One More Time on Equity in School Funding

You know from many of my previous postings on this site as well as my personal blog (Rebel 6 Ramblings) that our state legislature and governor continue to perpetuate a very inequitable system of providing classroom funding for Michigan’s public schools. We know, especially here at Godfrey-Lee where a very dedicated teaching staff provides effective educational services for a large percentage of students struggling with the English language (EL) or dealing with the impacts of poverty in their lives, that our state funding does not provide adequate access to equitable programs and supports to ensure every student has a chance for high-level academic success. Our legislature knows it as well but turns a blind eye in favor of providing tax cuts for businesses or avoiding personal tax increases in a state where we just learned achievement growth is lowest in the nation and all around us we see our infrastructure crumbling.

 

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http://www.cbpp.org/research/state-budget-and-tax/after-nearly-a-decade-school-investments-still-way-down-in-some-states

Meanwhile, there are school districts throughout Kent County and Michigan financially capable of adding new and innovative programs designed to prepare their students, many of which come from affluent families and communities, for college and 21st century careers. A sizeable number of those districts which not only receive more classroom funding, do not have to spend nearly as much on interventions and supports designed to close the learning gaps of students who fell behind because of poverty, EL or other obstacles. They are free to spend greater numbers of dollars on STEM (science, technology, engineering, math), robotics, arts, and a whole host of higher level learning and dual college programs that continue to widen the opportunity gap for kids across Kent County and Michigan.

Better funding for schools leads to better long-term outcomes for students, a careful study concludes. ~ Center on Budget and Policy Priorities

It’s not just the inequity of classroom funding but also our inequitable system of funding capital improvements. Godfrey-Lee has one of the lowest state-equalized-evaluations (SEV) per student in Michigan primarily due to our lack of industrial or large commercial properties as well as lower assessments on residential property. What this means is that when considering bonding for improvements, upgrades, or replacement of our educational facilities to support 21st century learning, including the addition of sorely-needed air conditioning for extended year programs or consideration of a balanced-calendar, the amount of funding available from local property taxes to pay for bonds does not come close to comparing with other area school districts.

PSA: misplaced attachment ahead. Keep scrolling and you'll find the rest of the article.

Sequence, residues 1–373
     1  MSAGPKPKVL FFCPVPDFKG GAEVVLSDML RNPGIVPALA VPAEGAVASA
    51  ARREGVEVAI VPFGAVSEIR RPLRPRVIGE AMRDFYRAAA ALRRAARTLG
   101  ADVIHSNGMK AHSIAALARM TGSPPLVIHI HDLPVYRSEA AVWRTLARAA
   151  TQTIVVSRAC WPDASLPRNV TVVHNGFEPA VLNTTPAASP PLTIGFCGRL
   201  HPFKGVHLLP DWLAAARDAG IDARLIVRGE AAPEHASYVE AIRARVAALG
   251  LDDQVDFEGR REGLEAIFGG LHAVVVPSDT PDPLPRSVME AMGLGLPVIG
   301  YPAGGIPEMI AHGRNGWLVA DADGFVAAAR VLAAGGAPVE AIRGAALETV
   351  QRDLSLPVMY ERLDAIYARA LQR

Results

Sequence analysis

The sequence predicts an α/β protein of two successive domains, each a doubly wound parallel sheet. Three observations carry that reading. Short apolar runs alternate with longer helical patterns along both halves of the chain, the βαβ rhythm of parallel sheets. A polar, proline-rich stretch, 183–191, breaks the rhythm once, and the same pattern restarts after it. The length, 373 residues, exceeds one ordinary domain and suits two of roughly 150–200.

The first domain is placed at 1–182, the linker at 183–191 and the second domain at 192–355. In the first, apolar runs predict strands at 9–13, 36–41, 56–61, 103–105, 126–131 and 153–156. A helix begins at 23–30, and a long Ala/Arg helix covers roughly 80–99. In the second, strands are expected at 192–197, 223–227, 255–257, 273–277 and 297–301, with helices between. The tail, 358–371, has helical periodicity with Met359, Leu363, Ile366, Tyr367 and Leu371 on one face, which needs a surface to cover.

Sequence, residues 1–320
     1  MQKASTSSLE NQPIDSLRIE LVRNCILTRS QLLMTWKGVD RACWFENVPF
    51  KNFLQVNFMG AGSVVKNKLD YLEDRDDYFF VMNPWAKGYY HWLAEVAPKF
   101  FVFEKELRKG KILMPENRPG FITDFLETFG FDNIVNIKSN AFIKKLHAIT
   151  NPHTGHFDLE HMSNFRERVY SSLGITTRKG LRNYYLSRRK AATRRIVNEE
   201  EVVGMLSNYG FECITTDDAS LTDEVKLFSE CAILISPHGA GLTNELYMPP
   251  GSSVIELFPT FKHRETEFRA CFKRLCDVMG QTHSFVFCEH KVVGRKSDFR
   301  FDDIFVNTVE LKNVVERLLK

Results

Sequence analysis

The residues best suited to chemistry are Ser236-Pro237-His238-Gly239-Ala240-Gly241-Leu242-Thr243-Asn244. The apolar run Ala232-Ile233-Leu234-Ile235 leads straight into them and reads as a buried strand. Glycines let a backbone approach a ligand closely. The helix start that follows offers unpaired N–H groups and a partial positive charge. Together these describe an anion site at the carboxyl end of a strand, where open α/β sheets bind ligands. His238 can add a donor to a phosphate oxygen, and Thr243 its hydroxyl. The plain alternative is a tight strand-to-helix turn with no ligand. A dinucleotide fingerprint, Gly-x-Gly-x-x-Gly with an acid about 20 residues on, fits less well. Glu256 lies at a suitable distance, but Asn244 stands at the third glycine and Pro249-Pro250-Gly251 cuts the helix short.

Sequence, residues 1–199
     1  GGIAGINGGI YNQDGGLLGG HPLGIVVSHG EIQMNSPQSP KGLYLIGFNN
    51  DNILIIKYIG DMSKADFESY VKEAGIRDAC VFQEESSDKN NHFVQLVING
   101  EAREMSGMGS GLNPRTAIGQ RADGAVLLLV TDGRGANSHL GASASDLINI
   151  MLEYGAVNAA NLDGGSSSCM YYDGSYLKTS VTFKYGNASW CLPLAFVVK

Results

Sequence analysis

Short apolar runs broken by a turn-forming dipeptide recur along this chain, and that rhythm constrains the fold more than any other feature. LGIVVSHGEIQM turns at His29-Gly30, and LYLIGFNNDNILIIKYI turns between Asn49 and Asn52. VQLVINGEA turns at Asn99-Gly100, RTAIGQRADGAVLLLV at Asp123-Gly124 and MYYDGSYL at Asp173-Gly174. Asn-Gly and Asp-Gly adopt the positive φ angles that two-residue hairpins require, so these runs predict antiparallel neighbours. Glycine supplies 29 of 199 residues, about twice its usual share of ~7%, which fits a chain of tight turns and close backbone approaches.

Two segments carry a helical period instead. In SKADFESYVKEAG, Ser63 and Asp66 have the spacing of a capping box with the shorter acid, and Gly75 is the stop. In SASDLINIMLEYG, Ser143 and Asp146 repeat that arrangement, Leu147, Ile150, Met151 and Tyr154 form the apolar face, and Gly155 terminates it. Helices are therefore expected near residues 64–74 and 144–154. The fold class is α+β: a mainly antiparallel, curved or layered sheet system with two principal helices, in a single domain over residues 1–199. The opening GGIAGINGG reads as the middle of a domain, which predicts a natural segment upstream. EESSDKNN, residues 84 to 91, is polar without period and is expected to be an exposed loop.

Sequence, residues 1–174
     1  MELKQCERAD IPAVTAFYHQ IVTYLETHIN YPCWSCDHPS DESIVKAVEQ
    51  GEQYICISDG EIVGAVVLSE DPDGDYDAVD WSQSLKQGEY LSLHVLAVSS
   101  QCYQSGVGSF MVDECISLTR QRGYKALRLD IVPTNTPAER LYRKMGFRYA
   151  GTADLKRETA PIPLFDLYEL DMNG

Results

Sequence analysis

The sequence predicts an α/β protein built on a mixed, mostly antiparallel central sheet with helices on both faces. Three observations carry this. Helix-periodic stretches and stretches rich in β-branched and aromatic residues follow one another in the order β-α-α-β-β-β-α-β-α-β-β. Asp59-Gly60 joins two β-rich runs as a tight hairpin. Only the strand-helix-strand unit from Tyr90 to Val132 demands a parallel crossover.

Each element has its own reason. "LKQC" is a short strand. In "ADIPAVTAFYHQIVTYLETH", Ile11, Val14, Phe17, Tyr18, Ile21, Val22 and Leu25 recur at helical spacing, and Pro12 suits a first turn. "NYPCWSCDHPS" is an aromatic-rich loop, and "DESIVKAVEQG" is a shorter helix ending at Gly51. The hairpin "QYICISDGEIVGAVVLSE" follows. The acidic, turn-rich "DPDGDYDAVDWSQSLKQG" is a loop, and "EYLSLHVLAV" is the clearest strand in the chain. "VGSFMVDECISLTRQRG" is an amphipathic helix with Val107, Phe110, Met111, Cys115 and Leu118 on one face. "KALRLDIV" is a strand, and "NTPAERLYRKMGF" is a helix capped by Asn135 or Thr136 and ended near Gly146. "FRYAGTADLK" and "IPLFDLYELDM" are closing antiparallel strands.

School Districts with Lowest SEV per pupil (>1000 enrollment) County SEV Per Pupil in $
Carrollton Public Schools SAGINAW 31,253
Godfrey-Lee Public Schools KENT 47,927
Bendle Public Schools GENESEE 54,896
Hamtramck, School District of the City of WAYNE 56,799
Harper Woods, The School District of the City of WAYNE 60,846
Oak Park, School District of the City of OAKLAND 66,427
Hazel Park, School District of the City of OAKLAND 69,491
Westwood Heights Schools GENESEE 71,002
Dearborn Heights School District #7 WAYNE 71,174
Vandercook Lake Public Schools JACKSON 73,213
Oakridge Public Schools MUSKEGON 76,762
Mt. Morris Consolidated Schools GENESEE 77,657
School Districts with Highest SEV per pupil (>1000 enrollment) County SEV Per Pupil in $
Elk Rapids Schools ANTRIM 702,932
Charlevoix Public Schools CHARLEVOIX 701,471
Roscommon Area Public Schools ROSCOMMON 643,255
Bloomfield Hills Schools OAKLAND 599,495
Birmingham Public Schools OAKLAND 549,964
Houghton Lake Community Schools ROSCOMMON 540,979
Ludington Area School District MASON 499,552
Benzie County Central Schools BENZIE 494,790
Oscoda Area Schools IOSCO 479,544
Public Schools of Petoskey EMMET 477,500
Pontiac City School District OAKLAND 473,048
Royal Oak Schools OAKLAND 454,228